In Product Data Lake this approach is used to establish consensus about the information and digital assets related to a given product and each instance of that product (physical asset or thing) where it makes sense. If you are interested in how that develops, why not follow Product Data Lake on LinkedIn.
The importance of looking at your enterprise as a part of business ecosystems was recently stressed by Gartner, the analyst firm, as reported in an article with the very long title stating: Gartner Says CIOs Need to Take a Leadership Role in Creating a Business Ecosystem to Drive a Digital Platform Strategy.
In my eyes, this trend will have a huge impact on how data management platforms should be delivered in the future. Until now much of the methodology and technology for data management platforms have been limited to how these things are handled within the corporate walls. We will need a new breed of data management platforms build for business ecosystems.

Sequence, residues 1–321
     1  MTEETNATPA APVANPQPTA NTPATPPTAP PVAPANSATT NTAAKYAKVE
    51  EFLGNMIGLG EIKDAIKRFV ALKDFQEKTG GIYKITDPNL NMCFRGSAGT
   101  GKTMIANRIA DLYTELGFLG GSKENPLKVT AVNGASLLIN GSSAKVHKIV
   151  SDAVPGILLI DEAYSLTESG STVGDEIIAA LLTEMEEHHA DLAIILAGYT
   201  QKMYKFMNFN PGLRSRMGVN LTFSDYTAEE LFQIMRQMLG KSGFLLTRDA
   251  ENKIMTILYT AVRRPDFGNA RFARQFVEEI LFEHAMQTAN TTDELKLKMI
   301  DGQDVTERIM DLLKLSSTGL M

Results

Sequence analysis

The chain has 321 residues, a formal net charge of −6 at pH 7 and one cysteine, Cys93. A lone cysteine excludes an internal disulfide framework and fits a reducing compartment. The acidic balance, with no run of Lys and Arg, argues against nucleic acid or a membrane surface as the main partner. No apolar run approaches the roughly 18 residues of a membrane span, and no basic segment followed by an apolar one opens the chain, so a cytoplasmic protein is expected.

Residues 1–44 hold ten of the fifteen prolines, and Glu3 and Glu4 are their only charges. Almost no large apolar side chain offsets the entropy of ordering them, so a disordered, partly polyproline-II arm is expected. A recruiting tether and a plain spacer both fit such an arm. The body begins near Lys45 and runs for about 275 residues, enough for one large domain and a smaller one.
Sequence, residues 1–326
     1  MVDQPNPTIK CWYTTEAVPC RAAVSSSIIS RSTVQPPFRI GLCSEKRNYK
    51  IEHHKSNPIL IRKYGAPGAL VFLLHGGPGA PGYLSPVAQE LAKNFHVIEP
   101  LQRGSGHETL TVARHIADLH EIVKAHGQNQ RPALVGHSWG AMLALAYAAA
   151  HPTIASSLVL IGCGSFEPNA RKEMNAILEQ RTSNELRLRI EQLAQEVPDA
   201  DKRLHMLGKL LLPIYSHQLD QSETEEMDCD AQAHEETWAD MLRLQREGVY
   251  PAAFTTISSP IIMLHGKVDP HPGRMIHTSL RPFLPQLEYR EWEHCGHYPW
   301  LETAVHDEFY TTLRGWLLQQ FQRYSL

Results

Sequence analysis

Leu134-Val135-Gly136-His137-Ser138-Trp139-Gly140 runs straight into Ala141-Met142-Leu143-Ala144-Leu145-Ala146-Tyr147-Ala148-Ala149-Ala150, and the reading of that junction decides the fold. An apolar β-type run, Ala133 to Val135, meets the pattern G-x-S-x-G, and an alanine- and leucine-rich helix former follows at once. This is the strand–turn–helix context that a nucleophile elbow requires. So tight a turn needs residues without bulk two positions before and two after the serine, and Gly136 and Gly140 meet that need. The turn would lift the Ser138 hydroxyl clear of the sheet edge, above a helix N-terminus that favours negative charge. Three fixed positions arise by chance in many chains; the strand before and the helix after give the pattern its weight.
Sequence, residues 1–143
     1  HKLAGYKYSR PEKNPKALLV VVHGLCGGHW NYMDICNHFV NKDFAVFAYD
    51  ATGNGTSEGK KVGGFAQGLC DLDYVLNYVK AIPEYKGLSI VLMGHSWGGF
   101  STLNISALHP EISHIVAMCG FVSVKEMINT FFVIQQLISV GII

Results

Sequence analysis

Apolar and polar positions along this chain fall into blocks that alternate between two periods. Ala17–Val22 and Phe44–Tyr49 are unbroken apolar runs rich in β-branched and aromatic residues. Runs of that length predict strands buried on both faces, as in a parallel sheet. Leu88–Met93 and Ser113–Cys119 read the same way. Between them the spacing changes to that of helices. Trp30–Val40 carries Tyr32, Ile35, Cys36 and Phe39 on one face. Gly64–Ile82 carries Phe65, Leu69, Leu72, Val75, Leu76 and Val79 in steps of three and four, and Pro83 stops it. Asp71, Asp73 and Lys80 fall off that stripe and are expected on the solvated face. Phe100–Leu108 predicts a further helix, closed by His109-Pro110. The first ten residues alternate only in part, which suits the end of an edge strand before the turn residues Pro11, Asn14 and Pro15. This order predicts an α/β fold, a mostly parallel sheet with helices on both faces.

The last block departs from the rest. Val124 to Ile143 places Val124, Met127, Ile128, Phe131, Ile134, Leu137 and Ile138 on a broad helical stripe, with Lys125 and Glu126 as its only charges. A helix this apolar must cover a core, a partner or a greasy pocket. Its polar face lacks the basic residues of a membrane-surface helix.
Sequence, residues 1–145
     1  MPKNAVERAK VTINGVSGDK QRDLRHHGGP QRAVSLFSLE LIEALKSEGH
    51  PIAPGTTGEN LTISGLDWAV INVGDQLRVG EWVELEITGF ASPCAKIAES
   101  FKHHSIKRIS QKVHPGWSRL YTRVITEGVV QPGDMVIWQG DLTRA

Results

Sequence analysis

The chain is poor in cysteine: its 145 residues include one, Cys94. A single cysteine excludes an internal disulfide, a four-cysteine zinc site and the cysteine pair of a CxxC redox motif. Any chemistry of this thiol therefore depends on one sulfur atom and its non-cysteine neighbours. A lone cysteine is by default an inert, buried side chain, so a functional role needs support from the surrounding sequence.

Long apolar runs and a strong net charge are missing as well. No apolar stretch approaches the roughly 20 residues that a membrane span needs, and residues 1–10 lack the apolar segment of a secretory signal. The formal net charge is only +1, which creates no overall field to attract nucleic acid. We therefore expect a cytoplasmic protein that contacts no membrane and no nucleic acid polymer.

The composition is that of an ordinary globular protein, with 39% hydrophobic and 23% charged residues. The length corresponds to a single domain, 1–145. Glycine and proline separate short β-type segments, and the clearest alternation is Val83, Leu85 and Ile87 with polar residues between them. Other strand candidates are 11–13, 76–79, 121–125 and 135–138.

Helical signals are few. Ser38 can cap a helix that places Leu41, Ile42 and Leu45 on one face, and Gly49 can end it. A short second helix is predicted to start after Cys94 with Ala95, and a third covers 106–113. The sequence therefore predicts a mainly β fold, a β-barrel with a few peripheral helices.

Such platforms will have the characteristics of other new approaches to handling data. They will resemble social networks where you request and accept connections. They will embrace data as big data and data lakes, where every purpose of data consumption are not cut in stone before collecting data. These platforms will predominately be based in the cloud.
Right now I am working with putting such a data management service up in the cloud. The aim is to support product data sharing for business ecosystems. I will welcome you, and your trading partners, as subscriber to the service. If you help trading partners with Product Information Management (PIM) there is a place for you as ambassador. Anyway, please start with following Product Data Lake on LinkedIn.
The differences between a data warehouse and a data lake has been discussed a lot as for example here and here.
To summarize, the main point in my eyes is: In a data warehouse the purpose and structure is determined before uploading data while the purpose with and structure of data can be determined before downloading data from a data lake. This leads to that a data warehouse is characterized by rigidity and a data lake is characterized by agility.
Agility is a good thing, but of course, you have to put some control on top of it as reported in the post Putting Context into Data Lakes.